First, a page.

COVID-19 and respiratory syncytial virus cases are increasing, and the height of influenza season is on the horizon, but older adults and long-term care staff members are entering the first virus season in which vaccines are available for all three viruses responsible for the most hospitalizations.
The Centers for Disease Control and Prevention Office of Readiness and Response laid out the agency’s recommendations for flu, COVID-19 and RSV vaccines for older adults during a clinician outreach and communication activity call on Tuesday.
Flu vaccination is recommended for everyone aged more than 6 months. Studies show older adults account for 54% to 70% of flu-related hospitalizations and 71% to 85% of flu-related deaths, said Lisa Grohskopf, MD, MPH, medical officer of the influenza division of the CDC’s National Center for Immunization and Respiratory Diseases.
This year, recommendations were updated regarding vaccine composition for 2023-2024, and changes were made to recommendations for people allergic to eggs.
Specifically, preferred vaccinations for older adults include the standard-dose adjuvanted or high-dose inactivated quadrivalent vaccines, or the recombinant quadrivalent vaccine — the latter being the only preferred vaccine that is not egg-based.
Experts also recommend flu vaccines in September or late fall due to the potential waning of immunity. The updated recommendations also indicate that individuals with egg allergy should be treated no differently than other recipients of any other vaccine, with no additional safety measures required.
Although the burden of COVID-19 varies by age and underlying conditions, older adults and those who have multiple underlying conditions have the highest risk of severe outcomes. Megan Wallace, DrPH, MPH, a CDC epidemiologist, said that the number of COVID cases is lower than at previous points in the pandemic, but experts continue to see thousands of hospitalizations and hundreds of deaths weekly from the virus, particularly in those 75 and older.
Vaccination with the updated COVID-19 vaccine is recommended, according to the CDC, because vaccine and infection-induced immunity wanes and because new variants continue to emerge, suggesting that susceptibility remains and may increase over time. Millions of COVID-19 vaccines have been administered over three years, proving their safety profile, Wallace added.
Key changes to the 2023-2024 mRNA vaccine recommendations include that anyone aged five or more years receive a single dose regardless of prior vaccination history, although additional doses may be recommended in the future based on epidemiology and vaccine effectiveness.
Under general best practice guidelines for immunization, routine administration of all age-appropriate doses of vaccines — COVID-19, flu and RSV — simultaneously is recommended if no contraindications exist at the time of vaccination.
This year’s COVID-19 vaccines are the first to be available directly from the manufacturers as part of the commercial market rather than through the federal government.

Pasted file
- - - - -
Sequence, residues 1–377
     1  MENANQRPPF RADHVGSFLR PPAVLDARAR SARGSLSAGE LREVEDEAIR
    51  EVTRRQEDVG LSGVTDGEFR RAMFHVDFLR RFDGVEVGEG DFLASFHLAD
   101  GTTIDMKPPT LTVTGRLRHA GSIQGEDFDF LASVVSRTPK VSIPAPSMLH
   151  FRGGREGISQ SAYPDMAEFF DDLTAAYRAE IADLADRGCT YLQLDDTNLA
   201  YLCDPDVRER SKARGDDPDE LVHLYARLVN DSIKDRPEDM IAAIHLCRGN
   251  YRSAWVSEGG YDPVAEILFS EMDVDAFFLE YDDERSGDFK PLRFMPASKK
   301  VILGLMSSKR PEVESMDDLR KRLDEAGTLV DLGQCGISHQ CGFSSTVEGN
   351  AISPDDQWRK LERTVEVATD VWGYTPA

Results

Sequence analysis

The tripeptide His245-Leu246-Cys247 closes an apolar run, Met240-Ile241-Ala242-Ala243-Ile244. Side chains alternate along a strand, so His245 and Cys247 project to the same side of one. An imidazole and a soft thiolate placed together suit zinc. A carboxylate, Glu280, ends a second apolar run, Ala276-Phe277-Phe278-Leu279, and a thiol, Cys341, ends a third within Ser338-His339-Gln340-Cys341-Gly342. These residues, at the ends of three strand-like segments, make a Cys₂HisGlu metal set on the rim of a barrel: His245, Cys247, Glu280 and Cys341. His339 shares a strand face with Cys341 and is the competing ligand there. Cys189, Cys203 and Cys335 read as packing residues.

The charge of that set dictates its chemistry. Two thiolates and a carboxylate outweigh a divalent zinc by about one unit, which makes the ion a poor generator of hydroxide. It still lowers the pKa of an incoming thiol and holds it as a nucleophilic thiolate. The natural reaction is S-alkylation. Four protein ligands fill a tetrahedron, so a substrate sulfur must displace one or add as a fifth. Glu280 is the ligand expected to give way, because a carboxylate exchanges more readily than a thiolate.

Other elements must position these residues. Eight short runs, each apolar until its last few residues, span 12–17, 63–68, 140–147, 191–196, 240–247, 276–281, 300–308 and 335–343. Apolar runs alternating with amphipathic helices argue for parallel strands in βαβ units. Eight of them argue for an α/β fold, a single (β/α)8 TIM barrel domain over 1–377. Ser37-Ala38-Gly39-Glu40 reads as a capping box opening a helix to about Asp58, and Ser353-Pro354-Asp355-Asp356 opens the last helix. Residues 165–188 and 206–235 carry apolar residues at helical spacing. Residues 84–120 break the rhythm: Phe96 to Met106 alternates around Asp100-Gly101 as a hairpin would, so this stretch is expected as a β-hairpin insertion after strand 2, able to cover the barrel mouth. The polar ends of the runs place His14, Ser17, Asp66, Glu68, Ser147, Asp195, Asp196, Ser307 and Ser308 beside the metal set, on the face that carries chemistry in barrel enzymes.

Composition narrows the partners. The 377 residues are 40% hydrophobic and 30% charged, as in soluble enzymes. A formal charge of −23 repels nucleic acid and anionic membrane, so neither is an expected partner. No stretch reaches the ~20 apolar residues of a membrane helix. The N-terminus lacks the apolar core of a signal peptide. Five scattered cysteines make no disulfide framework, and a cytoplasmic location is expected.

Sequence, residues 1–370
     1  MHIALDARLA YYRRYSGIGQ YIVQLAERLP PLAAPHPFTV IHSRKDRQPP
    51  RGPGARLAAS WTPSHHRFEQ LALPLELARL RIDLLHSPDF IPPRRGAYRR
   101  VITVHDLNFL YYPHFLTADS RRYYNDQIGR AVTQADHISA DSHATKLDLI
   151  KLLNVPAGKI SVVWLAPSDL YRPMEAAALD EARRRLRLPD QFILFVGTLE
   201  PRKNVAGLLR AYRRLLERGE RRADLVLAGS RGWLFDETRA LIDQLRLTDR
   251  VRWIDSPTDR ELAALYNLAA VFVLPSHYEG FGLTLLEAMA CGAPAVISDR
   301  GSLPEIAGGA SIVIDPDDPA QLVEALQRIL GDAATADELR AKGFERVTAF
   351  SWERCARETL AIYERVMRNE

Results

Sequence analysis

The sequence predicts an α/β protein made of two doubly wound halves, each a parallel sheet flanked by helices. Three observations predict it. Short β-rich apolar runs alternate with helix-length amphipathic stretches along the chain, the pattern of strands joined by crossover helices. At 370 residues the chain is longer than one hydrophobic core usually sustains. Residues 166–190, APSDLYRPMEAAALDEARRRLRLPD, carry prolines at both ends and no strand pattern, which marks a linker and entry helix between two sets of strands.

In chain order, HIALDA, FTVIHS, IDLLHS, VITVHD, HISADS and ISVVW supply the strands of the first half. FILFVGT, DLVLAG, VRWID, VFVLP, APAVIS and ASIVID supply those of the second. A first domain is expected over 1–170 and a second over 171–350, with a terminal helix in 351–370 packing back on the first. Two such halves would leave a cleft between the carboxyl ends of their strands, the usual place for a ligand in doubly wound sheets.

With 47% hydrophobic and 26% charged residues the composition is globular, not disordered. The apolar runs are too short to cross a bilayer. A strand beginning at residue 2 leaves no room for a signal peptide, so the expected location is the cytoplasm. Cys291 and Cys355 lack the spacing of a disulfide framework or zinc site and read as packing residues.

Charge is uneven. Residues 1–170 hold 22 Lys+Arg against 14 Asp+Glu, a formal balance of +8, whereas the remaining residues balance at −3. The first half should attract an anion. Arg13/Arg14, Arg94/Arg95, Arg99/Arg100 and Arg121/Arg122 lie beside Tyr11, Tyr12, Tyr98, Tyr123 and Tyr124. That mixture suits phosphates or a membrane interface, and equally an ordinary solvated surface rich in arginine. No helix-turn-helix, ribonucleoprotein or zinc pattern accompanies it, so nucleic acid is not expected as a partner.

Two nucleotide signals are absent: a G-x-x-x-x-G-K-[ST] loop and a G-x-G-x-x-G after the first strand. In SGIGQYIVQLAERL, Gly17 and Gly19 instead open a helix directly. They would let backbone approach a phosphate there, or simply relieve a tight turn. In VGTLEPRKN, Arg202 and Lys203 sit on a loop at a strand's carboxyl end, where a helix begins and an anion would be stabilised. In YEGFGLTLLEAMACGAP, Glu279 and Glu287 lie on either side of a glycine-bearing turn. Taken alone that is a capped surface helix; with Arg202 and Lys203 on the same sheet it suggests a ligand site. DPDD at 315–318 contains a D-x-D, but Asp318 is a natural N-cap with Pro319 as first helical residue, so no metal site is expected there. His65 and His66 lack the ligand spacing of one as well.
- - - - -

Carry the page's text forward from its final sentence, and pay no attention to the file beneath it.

Although RSV is a familiar viral infection, Amadea Britton, MD/SM, medical officer of the CDC’s Coronavirus and Other Respiratory Viruses Division, said that it is an important cause of respiratory illness in older adults.
Older adults typically account for 60,000 to 160,000 RSV-related hospitalizations annually, and 6,000 to 10,000 deaths. Chronic underlying conditions are associated with increased risk of severe RSV disease, along with living in a senior living community or nursing home, frailty and advanced age.
In June, the CDC signed off on a recommendation from the Advisory Committee on Immunization Practices for a single dose of RSV vaccines for older adults. Studies found the vaccines to be generally well-tolerated, with common side effects similar to other vaccines, including pain at injection site, fatigue, headache, muscle pain and joint pain.
The ACIP and CDC recommend that adults aged 60 or more years receive a single dose of the RSV vaccine using shared clinical decision-making with their healthcare provider. RSV vaccination should be administered as soon as the vaccine is offered each summer.
Talking about vaccines can be a challenge, said Joellen Wolicki, BSN, RN, a nurse educator with the National Center for Immunization and Respiratory Diseases.
“The biggest challenge is, knowledge does not equal behavior,” she said. “And it matters who the message is coming from and how it’s communicated.”
A broad range of socio-psychological determinants contribute to vaccine hesitancy, including attitudes, past experiences, trust, social norms, moral values and world views, Wolicki said.
The CDC recommends that healthcare providers give a strong recommendation for vaccination using the presumptive approach, which assumes that someone will choose to get vaccinated. In some cases, motivational interviewing — collaborative communication to guide people toward change or action — might be more effective. Studies using motivational interviewing with vaccination decisions showed increased intent to vaccinate and improved vaccination rates, Wolicki said.